David Bourget (Western Ontario)
David Chalmers (ANU, NYU)
Rafael De Clercq
Jack Alan Reynolds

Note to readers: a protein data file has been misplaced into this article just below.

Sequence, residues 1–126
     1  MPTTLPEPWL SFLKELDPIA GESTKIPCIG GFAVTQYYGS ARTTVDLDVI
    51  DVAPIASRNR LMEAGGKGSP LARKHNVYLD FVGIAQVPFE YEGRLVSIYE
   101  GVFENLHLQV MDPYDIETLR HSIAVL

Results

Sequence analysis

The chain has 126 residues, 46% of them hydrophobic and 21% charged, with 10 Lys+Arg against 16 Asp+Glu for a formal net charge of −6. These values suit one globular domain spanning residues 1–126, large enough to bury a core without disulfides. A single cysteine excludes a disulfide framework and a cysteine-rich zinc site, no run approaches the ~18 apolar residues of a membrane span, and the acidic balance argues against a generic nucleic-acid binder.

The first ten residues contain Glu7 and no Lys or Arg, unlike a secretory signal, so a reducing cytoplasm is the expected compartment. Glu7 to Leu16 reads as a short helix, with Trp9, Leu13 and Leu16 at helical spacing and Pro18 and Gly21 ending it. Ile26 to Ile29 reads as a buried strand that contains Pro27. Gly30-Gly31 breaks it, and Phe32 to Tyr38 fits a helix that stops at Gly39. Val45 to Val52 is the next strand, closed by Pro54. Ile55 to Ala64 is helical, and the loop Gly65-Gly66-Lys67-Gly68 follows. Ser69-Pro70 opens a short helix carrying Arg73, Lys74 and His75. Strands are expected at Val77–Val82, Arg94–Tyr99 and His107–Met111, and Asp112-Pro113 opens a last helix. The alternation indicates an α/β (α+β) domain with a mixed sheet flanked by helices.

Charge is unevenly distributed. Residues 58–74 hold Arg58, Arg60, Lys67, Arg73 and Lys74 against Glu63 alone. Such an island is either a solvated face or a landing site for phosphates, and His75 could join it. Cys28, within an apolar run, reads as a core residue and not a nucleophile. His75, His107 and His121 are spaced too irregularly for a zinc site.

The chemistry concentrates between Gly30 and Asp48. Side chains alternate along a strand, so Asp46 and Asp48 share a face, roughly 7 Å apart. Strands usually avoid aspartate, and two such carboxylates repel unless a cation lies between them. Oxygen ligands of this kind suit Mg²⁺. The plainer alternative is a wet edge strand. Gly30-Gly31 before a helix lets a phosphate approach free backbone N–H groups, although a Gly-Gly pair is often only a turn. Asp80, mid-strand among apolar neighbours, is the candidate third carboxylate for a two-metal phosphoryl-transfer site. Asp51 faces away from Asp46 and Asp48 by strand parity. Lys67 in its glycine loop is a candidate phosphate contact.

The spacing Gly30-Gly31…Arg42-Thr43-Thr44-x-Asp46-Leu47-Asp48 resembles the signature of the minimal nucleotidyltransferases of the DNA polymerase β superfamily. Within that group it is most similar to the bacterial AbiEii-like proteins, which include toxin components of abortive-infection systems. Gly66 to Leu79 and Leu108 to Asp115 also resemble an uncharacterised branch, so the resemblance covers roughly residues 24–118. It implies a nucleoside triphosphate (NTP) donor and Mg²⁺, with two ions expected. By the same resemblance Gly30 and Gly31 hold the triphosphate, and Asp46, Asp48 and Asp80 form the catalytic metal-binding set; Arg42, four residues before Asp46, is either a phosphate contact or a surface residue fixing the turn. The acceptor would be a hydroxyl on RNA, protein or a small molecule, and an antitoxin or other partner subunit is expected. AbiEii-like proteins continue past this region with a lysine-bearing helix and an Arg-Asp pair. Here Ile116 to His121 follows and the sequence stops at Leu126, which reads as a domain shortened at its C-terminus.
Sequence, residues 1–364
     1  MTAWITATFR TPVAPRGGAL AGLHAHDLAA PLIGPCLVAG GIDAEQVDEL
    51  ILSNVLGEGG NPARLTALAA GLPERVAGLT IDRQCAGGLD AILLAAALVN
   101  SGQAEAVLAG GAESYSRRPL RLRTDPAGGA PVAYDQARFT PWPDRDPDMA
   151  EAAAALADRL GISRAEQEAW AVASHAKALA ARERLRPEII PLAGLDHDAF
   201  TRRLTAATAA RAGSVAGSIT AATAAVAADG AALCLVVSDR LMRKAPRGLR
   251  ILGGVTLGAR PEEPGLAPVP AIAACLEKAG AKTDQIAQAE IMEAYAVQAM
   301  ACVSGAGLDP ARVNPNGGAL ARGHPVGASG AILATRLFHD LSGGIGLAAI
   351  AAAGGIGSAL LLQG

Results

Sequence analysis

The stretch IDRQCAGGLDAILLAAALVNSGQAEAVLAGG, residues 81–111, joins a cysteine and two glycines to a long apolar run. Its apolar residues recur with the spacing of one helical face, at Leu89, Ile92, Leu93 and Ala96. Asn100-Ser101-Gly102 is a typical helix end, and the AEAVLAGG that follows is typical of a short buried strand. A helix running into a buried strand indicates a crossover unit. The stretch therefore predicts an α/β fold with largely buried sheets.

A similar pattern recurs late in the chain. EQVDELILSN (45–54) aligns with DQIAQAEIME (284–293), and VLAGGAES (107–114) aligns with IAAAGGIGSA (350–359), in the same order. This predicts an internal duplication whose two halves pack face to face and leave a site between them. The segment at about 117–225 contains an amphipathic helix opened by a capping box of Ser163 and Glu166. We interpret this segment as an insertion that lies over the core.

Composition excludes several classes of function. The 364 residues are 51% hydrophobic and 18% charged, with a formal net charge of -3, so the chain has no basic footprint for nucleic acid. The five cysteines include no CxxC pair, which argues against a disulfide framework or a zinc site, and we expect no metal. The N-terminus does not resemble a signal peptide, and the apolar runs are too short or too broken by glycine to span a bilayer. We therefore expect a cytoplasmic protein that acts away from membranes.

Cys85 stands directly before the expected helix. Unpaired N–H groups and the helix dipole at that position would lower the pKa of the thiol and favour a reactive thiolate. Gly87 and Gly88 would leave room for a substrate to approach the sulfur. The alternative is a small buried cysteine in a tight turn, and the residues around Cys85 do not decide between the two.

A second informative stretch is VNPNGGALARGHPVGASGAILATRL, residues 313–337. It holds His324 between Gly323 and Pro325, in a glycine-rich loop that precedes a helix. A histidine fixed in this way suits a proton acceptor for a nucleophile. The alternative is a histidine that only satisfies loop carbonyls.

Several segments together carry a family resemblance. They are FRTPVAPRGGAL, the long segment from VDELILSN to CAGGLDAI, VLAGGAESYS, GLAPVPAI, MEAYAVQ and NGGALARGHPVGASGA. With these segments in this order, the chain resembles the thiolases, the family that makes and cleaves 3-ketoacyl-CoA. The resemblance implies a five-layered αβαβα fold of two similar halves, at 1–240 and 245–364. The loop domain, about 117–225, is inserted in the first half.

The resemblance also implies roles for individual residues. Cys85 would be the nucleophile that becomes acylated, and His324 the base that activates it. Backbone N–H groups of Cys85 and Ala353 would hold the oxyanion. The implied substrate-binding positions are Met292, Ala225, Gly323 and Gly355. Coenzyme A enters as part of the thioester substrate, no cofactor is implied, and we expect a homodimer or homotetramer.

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It is here argued that Locke and Newton held very similar views on the nature of our knowledge of substance: our only cognitive access to substances is through their powers to affect our minds and other substances. However, in spite of this shared empiricist foundation, Locke and Newton held divergent views on the unification of powers or qualities into a single substance. While Locke allows that distinct powers can be understood as united in one substance (indeed all substances are collections of powers for Locke), this paper argues for an interpretation of Newton according to which substance cannot have distinct powers. Rather, a substance just is a power in space and time.
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